Nursing Assessment of Pain
The highly subjective nature of pain makes pain assessment and management challenges for every clinician. The report of pain is a social transaction; thus, assessment and management of pain re-quire a good rapport with the person in pain. In assessing a pa-tient with pain, the nurse reviews the patient’s description of the pain and other factors that may influence pain (eg, previous ex-perience, anxiety, and age) as well as the person’s response to pain relief strategies. Documentation of the pain level as rated on a pain scale becomes part of the patient’s medical record, as does a record of the pain relief obtained from interventions.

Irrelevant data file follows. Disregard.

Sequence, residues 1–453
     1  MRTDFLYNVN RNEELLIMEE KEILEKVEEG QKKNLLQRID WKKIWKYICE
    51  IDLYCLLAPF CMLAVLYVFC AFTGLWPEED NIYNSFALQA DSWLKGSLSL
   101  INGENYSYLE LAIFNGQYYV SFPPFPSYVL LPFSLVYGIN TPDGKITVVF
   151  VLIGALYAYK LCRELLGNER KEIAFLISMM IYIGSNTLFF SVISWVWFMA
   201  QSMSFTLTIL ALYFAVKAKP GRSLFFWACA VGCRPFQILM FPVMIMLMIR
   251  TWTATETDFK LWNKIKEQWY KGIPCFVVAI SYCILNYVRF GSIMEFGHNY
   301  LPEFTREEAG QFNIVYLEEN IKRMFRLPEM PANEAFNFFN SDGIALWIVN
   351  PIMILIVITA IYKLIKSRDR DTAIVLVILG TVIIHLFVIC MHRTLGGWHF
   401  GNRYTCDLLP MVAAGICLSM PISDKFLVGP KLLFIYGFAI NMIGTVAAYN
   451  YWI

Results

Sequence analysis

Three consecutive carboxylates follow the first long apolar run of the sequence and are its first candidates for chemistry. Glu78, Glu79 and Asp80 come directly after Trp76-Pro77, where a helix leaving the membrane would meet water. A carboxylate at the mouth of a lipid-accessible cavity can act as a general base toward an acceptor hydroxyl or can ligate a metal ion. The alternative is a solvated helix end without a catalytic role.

Pain assessment includes determining what level of pain relief the acutely ill patient believes is needed to recover quickly or im-prove function, or what level of relief the chronically or termi-nally ill patient requires to maintain comfort (Chart 13-3). Part of a thorough pain assessment is to understand the patient’s ex-pectations and misconceptions about pain (Chart 13-4). A per-son who understands that pain relief not only contributes to comfort but also hastens recovery is more likely to request or self-administer treatment appropriately.
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